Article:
But, I think in this particular case, where Scoble shot these people in a public forum as news worthy items the images can be used for such purposes.

    Problaby can’t use Bono’s image shot there for a beer advertisement. But as a blogger I could use the image in my blog where I’m discussing something in reference to him.

    But I think the fact is Robert has given everyone permission to use the images without compensation to him, which isn’t the same as saying “use this image any way you want.” Scoble doesn’t have that much power, YET.

  38. You know, I glad I’m not in the publishing business cause the copyright and useage laws are pretty detailed.

    But, I think in this particular case, where Scoble shot these people in a public forum as news worthy items the images can be used for such purposes.

    Problaby can’t use Bono’s image shot there for a beer advertisement. But as a blogger I could use the image in my blog where I’m discussing something in reference to him.

    But I think the fact is Robert has given everyone permission to use the images without compensation to him, which isn’t the same as saying “use this image any way you want.” Scoble doesn’t have that much power, YET.

  39. Salubri,

    Do you realize that the majority of photographers / artist who are hammering home the importance of being credited and rewarded for their work do so because they are trying to make a living from them.

    While it is great that Scoble makes his photos available for free use I doubt he would do the same with his book “naked conversations”. (Robert if you do change your mind about that send me a PDF copy to my email address).

    Point is, some people are trying to make a living from photography and as such need to receive a payment of some form. The reason they require copyright notice is so other people are aware this is rights managed image and payment for the use is required

  40. Salubri,

    Do you realize that the majority of photographers / artist who are hammering home the importance of being credited and rewarded for their work do so because they are trying to make a living from them.

    While it is great that Scoble makes his photos available for free use I doubt he would do the same with his book “naked conversations”. (Robert if you do change your mind about that send me a PDF copy to my email address).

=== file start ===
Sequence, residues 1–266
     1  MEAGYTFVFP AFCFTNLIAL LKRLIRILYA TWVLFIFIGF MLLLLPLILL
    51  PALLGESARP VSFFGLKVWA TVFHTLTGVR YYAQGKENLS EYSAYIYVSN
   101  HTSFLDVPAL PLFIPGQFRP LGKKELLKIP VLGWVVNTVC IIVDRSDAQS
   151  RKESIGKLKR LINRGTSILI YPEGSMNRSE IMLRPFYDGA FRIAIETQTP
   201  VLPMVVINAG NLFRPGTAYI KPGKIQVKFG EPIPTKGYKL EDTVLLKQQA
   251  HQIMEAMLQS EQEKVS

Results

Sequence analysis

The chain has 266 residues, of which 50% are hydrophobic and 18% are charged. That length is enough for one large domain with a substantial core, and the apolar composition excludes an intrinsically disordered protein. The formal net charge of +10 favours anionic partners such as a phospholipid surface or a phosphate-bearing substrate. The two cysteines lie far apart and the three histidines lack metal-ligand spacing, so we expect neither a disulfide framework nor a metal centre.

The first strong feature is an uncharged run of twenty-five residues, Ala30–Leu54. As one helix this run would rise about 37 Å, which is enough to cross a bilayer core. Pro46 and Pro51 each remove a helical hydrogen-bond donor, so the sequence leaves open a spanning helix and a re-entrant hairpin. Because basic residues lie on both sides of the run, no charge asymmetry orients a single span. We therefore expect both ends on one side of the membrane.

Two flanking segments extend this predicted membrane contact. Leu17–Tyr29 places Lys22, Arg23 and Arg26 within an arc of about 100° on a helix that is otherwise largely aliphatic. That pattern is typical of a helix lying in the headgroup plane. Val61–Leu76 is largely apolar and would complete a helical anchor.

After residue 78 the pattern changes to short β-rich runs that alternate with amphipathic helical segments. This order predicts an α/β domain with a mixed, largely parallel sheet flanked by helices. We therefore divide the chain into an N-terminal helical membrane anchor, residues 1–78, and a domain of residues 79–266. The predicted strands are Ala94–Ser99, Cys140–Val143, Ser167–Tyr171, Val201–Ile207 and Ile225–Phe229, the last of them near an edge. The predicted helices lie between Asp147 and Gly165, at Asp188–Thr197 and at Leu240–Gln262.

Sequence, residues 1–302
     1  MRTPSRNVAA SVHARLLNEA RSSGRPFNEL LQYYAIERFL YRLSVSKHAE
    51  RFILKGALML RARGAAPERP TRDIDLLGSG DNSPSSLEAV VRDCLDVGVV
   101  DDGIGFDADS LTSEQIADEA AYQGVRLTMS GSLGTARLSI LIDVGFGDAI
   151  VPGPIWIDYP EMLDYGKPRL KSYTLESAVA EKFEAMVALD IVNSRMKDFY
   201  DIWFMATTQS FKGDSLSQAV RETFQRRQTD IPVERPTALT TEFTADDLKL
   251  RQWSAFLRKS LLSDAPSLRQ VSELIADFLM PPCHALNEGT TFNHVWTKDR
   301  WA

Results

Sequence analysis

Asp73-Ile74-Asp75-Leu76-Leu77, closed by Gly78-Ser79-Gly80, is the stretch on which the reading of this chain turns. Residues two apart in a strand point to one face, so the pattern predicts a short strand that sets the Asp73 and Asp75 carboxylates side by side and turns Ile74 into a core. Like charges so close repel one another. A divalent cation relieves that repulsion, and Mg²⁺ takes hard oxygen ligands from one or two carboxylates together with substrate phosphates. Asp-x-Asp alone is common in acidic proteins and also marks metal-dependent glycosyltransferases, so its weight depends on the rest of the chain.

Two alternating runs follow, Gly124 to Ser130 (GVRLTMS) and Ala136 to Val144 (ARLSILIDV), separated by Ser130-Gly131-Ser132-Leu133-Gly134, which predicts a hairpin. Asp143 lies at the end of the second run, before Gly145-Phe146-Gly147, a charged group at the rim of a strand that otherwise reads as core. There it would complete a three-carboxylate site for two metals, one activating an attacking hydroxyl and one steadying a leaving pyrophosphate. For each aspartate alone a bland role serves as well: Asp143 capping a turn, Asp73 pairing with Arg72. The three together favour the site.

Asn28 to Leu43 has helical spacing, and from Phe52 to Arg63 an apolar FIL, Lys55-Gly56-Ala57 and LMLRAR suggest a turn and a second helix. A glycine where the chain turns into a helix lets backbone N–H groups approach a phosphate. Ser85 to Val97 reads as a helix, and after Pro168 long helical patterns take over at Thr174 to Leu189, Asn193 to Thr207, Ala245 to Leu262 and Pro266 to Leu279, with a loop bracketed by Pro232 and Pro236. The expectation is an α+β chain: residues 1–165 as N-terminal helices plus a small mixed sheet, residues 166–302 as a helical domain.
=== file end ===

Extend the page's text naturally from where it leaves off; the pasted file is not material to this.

Point is, some people are trying to make a living from photography and as such need to receive a payment of some form. The reason they require copyright notice is so other people are aware this is rights managed image and payment for the use is required

  41. What an incredible amount of brain power Davos assembles. I hope there are some outcomes, other than the “rich and famous” socializing with each other. Do you see an opportunity for something to really happen?

  42. What an incredible amount of brain power Davos assembles. I hope there are some outcomes, other than the “rich and famous” socializing with each other. Do you see an opportunity for something to really happen?

  43. All my photos are in the public domain now.

    Bravo, Robert! Thank you, thank you, thank you!

    (and I will always attribute)

  44. All my photos are in the public domain now.

    Bravo, Robert! Thank you, thank you, thank you!

    (and I will always attribute)

  45. For those who seem to find the idea of the public domain ghastly, take a look at SQLite. SQLite has done a lot of good for developers over the past several years, and is totally in the public domain. Even Apple use it to power their Mail app.

    I release most (though not all) of my software, libraries, and similar contributions into the public domain, except for things I actively make money from, because I want to make the world a better place (and I don’t care much about global warming, so I do it in other ways!) Scoble is to be applauded on this move, not questioned, because what you sow, you tend to reap further down the line.